IATA reports rising costs, falling loads for carriers

IATA reports rising costs, falling loads for carriers

Carriers face fresh financial pressure amid falling load factors and rising fuel costs, airline association IATA has warned.

IATA reports a cumulative net loss by scheduled airlines in the first three months of the year and forecasts further pressure on profits from fuel prices and weak demand through the current quarter.

Noting the price of jet fuel is above $140 a barrel and approaching the highs of 2008, the association warned yesterday: “When oil prices spiked in 2008, the financial crisis and recession pulled them back. This time the economy seems stronger. Manufacturing was already contracting when oil prices peaked in mid-2008.”

IATA suggests fuel prices may not come down this year.

It reported: “Air travel markets contracted in March for the second consecutive month. Capacity continues to expand faster than demand. Passenger load factors have slipped back 4% points from the 2010 peak to below pre-recession levels.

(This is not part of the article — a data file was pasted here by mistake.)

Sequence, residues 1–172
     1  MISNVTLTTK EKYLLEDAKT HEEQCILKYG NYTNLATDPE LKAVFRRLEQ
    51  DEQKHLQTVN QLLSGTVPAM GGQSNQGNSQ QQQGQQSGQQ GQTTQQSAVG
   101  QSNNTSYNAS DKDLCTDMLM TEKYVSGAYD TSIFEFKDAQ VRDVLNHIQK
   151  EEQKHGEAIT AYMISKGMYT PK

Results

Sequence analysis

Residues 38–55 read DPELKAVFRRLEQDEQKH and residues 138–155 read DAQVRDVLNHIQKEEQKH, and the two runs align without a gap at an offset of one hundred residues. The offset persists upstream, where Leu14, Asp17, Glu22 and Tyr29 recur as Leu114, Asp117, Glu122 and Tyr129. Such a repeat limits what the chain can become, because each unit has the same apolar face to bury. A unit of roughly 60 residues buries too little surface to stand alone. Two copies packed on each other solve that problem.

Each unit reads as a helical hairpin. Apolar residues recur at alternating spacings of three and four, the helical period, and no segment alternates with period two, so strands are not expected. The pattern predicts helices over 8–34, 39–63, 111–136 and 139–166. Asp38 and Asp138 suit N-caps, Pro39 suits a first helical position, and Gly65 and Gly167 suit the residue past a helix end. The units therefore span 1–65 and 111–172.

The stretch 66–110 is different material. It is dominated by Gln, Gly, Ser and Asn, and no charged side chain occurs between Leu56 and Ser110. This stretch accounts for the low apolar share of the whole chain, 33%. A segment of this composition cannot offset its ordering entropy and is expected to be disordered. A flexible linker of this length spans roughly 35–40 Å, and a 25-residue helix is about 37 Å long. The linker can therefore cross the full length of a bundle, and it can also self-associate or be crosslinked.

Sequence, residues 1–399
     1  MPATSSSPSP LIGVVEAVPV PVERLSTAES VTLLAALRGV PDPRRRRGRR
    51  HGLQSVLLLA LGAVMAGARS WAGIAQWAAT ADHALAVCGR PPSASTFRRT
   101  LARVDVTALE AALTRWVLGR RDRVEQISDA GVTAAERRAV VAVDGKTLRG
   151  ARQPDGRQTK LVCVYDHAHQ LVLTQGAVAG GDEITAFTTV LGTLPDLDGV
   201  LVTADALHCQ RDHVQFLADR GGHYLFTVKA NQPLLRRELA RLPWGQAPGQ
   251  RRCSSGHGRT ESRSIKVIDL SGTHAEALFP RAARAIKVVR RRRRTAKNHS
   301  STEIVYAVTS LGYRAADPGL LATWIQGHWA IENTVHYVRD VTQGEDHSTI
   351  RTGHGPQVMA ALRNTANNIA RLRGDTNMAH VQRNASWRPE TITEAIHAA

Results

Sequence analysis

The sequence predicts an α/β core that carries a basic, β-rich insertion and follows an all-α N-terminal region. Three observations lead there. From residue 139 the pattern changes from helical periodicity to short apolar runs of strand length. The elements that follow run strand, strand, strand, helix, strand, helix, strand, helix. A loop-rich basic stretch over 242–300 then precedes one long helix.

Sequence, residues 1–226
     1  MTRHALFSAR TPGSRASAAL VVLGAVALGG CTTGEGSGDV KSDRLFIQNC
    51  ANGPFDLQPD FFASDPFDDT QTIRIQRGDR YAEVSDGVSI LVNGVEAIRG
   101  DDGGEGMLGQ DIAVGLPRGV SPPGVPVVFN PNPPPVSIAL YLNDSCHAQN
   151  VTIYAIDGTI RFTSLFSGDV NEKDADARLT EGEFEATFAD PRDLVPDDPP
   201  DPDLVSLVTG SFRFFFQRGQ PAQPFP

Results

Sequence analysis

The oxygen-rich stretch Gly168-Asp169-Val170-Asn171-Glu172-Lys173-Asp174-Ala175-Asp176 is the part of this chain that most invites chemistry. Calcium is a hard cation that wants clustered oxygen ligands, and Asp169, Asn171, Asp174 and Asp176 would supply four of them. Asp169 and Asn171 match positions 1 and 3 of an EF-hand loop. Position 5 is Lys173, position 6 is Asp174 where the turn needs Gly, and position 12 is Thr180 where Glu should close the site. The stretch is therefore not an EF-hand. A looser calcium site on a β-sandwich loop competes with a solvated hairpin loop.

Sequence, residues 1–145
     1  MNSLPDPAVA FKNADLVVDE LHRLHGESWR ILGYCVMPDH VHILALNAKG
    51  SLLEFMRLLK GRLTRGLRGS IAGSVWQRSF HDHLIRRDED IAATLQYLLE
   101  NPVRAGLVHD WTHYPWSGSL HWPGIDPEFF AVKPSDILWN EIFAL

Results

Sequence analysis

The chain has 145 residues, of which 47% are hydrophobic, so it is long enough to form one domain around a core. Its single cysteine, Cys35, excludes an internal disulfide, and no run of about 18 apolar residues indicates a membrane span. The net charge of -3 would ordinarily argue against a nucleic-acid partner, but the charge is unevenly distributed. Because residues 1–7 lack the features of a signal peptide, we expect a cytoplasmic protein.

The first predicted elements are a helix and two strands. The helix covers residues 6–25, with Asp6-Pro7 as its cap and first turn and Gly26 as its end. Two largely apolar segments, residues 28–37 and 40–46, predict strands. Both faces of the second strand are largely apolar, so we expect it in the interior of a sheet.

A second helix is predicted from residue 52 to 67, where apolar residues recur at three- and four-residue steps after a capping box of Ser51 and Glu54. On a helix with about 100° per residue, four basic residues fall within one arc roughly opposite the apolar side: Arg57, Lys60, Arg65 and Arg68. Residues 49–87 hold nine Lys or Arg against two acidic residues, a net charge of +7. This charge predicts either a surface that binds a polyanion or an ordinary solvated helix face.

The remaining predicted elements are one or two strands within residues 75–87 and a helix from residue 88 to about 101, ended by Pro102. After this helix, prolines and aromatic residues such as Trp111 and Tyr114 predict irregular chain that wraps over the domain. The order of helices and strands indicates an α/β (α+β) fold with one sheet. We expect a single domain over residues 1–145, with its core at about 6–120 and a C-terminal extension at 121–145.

“Capacity did not slow to match weaker demand. It had already been expanded at a faster pace than demand through 2010. Both passenger and freight capacity are expanding at a pace of around 9% compared with traffic volumes growing at half that pace. Supply-demand conditions look set to loosen further during the second quarter."

IATA added: “The sharp improvement in yields and revenues in late 2009 and through 2010 owed much to the improvement in load factors to record levels. That process has now shifted into reverse. Passenger load factors in March slipped below their equivalent levels in 2008.”

The association notes airline share prices have lost 9% in value globally so far this year, while share prices generally have risen 8% - meaning carriers are underperforming the world’s stock markers by 17 percentage points. US airlines have performed the worst – losing 70% of the gains of last year.

IATA said: “The key issue for airlines now is whether the recent sharp fall in load factors and weakening in supply-demand conditions will allow fuel costs to be recovered. Fare rises and fuel surcharges appear to be sticking so far, but there are signs that price-sensitive passenger demand is weakening.”


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